The occasion was also marked by the return to North Carolina of the Beaufort Plowboys' Flag which was taken by New Jersey soldiers during battle. Governor Glenn was presented with the flag during a reception for the New Jersey veterans and visitors the evening before the unveiling. During the evening of the 18th, Governor Glenn in turn presented the flag to Mrs. E. N. Joyner of Columbia, South Carolina. Forty years earlier, Mrs. Joyner, then Miss Mary Winfield, had helped create the flag and had given it to the Beaufort Plowboys (Report of State Commission, p. 89).
The Report of the New Jersey State Commission for the erection of the monument described the spirit of goodwill and service extended to the visitors from New Jersey: "With true Southern courtesy, Governor Glenn immediately accepted the invitation, and moreover, threw himself heart and soul into the visit of New Jersey's representatives to his State. As soldiers of the Northern Army during the great civil conflict, the members of the Commission will ever bear in grateful memory the delightful correspondence ensuing between them and this big-hearted Governor of a Southern State; and the whole-souled hospitality he extended the Ninth Regiment and their guests while in North Carolina will never be forgotten by any member of the party" (p. 36).
A few days following the event, the New Bern Daily Journal ran a story under the title "The New Jersey Invasion of New Bern." Contrasting this 1905 "invasion" by visitors from New Jersey with the invasion during the war, the paper indicated local sentiment that concurred with that of the New Jersey monument commission: "But this city and its people were the most concerned in the invasion, of the men once foes, now friends, and through this last meeting, even a stronger feeling than friendship might be said to have developed and ripened. . .the living grasped hands in fraternal sympathy, and turning from the graves this brotherly feeling grew until the parting seemed more like that of members of a single household than of the people of two States."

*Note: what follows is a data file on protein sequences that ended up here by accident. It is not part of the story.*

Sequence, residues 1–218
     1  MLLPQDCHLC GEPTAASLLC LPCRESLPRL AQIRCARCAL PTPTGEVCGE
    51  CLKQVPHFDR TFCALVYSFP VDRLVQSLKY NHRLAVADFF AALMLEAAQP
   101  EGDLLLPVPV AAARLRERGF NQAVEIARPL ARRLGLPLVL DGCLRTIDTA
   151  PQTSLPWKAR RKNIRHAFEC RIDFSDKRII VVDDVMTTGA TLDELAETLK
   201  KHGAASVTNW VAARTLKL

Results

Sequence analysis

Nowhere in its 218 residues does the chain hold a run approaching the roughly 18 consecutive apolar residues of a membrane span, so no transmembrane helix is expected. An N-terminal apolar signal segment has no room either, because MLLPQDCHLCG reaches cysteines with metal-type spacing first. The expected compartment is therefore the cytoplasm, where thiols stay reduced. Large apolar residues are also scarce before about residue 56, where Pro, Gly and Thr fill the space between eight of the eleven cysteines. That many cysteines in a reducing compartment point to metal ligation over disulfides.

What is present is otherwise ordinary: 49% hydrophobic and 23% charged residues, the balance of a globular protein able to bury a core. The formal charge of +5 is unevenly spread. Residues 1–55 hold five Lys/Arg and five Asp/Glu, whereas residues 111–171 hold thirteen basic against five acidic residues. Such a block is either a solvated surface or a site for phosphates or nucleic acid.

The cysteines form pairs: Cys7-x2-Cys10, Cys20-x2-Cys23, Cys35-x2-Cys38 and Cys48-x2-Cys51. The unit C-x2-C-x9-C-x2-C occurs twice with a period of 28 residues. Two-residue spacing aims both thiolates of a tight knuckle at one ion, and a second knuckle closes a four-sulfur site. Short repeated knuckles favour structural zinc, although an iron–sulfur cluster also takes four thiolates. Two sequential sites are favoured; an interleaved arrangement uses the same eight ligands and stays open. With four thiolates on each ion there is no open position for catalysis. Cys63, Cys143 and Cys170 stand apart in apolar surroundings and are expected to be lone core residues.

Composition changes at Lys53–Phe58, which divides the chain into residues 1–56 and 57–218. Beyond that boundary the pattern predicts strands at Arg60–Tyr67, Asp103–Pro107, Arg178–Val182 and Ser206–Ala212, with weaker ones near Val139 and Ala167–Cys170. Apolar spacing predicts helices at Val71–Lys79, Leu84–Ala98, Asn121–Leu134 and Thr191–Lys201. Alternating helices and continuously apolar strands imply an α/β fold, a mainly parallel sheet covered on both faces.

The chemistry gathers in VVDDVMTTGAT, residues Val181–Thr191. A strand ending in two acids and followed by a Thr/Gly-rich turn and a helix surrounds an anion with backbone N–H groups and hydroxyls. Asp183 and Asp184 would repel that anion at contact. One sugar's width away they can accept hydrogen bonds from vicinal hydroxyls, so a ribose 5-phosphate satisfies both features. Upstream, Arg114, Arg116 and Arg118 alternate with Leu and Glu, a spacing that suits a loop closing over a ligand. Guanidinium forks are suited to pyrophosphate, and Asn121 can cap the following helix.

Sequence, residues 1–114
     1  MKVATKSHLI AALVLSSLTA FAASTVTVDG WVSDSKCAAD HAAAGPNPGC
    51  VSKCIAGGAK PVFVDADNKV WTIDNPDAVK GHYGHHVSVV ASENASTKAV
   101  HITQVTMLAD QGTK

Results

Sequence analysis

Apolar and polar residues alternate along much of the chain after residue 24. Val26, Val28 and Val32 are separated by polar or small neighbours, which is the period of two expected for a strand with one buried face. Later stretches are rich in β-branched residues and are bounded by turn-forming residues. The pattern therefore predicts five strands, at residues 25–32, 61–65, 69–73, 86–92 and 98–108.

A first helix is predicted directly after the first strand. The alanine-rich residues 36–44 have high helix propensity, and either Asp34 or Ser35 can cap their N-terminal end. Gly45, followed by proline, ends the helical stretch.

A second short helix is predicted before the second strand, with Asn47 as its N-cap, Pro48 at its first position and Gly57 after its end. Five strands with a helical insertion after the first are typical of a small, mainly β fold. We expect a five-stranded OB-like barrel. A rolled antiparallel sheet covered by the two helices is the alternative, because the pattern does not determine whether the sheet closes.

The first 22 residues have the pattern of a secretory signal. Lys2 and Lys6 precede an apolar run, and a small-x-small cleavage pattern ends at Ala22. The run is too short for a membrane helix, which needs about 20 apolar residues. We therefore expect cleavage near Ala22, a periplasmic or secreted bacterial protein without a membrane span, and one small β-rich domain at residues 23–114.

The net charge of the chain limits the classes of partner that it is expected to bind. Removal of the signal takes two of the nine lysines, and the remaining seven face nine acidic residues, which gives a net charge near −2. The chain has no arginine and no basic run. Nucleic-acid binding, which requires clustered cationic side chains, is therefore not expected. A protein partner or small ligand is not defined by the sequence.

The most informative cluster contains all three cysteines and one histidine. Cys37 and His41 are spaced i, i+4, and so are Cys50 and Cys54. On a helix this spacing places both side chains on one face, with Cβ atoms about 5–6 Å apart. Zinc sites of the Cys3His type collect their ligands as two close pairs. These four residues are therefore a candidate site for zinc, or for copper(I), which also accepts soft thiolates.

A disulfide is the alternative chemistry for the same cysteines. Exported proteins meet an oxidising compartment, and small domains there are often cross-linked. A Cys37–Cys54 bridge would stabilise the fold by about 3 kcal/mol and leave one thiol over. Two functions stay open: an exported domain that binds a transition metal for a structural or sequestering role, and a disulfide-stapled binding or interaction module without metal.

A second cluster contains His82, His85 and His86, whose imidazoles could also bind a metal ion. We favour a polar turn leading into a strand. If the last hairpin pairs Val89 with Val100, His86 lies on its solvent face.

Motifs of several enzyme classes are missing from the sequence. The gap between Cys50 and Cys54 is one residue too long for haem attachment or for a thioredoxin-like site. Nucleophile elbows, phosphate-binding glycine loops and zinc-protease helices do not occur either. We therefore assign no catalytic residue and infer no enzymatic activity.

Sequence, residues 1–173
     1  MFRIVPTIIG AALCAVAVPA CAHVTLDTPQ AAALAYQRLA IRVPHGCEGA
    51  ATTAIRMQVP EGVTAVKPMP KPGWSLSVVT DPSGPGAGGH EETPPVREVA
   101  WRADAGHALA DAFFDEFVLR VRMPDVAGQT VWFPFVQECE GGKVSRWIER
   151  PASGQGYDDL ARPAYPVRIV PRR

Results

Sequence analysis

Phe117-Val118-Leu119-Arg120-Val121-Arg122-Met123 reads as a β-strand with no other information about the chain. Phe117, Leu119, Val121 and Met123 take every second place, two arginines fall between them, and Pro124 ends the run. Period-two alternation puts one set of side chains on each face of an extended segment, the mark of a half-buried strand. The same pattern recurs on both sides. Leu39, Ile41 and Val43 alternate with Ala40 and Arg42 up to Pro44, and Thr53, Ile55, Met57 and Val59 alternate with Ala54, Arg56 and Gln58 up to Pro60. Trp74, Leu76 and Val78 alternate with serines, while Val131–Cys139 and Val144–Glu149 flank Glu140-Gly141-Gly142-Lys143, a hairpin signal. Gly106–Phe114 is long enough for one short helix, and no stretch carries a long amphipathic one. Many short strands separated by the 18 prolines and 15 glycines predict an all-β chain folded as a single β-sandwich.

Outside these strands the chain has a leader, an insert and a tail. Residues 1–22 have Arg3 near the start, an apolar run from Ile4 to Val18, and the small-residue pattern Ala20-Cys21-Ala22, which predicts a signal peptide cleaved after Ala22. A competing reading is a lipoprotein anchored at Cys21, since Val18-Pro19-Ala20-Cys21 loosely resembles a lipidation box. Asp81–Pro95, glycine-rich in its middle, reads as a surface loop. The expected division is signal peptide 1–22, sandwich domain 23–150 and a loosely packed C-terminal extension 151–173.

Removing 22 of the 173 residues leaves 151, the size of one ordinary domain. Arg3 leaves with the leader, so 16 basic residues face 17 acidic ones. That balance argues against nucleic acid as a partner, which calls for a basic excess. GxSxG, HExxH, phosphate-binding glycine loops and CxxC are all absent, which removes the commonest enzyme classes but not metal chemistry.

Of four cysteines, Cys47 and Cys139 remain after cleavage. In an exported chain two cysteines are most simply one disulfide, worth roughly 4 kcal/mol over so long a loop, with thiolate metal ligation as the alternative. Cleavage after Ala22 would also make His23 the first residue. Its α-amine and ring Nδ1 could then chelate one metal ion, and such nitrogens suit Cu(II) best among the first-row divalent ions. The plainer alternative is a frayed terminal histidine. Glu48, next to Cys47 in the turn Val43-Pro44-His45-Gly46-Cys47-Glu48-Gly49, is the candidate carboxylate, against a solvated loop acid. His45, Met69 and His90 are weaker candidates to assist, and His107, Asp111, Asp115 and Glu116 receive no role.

The monument was erected in memory of the eighty fallen 9th Regiment soldiers who would be buried in what became the New Bern National Cemetery. The infantry served from October 1861 to July 1865 and was the first regiment to have combat casualties in the Civil War. The bulk of their time was spent fighting in North Carolina. The 9th would lose 10 officers and 244 enlisted men in the war.
The New Bern National Cemetery was established Feb. 1, 1867, north of downtown New Bern, a short distance from the western bank of the Neuse River. The cemetery is the final resting place for the Union soldiers, including 300 U.S. Colored Troops. Today, more than 6,500 people are interred in the cemetery’s 7.7 acres. The cemetery closed to new interments in 1996. The New Jersey Monument at New Bern is one of four monuments sponsored by Union states that sent soldiers to North Carolina during the Civil War.
The monument is located in the southeastern corner of section 12 on the north side of the drive through the New Bern National Cemetery, at 1711 National Avenue, New Bern, NC. The Rhode Island Monument, the Massachusetts Monument, and the Connecticut Monument stand nearby. Bivouac of the Dead and Gettysburg Address plaques are also located at this cemetery.
The monument sits in the grass covered grounds of the cemetery surrounded by rows of small white grave markers.
In 1901 Lieutenant E. H. Green raised attention to the 9th Regiment Veteran Volunteer Association that there lacked a memorial of their troops at the New Bern National Cemetery. Considering the 80 men of the infantry buried at the cemetery, the association appointed a committee to propose a memorial to state authorities. Progress was made in 1903 when Green and Lieutenant Colonel Samuel Huffy actively enlisted the support of members of the state assembly and appeared before the state Senate. On March 1,1904, Senator William J. Bradley of Camden County introduced a bill to construct a monument in memory of the 9th New Jersey Regiment, which passed unanimously in both houses.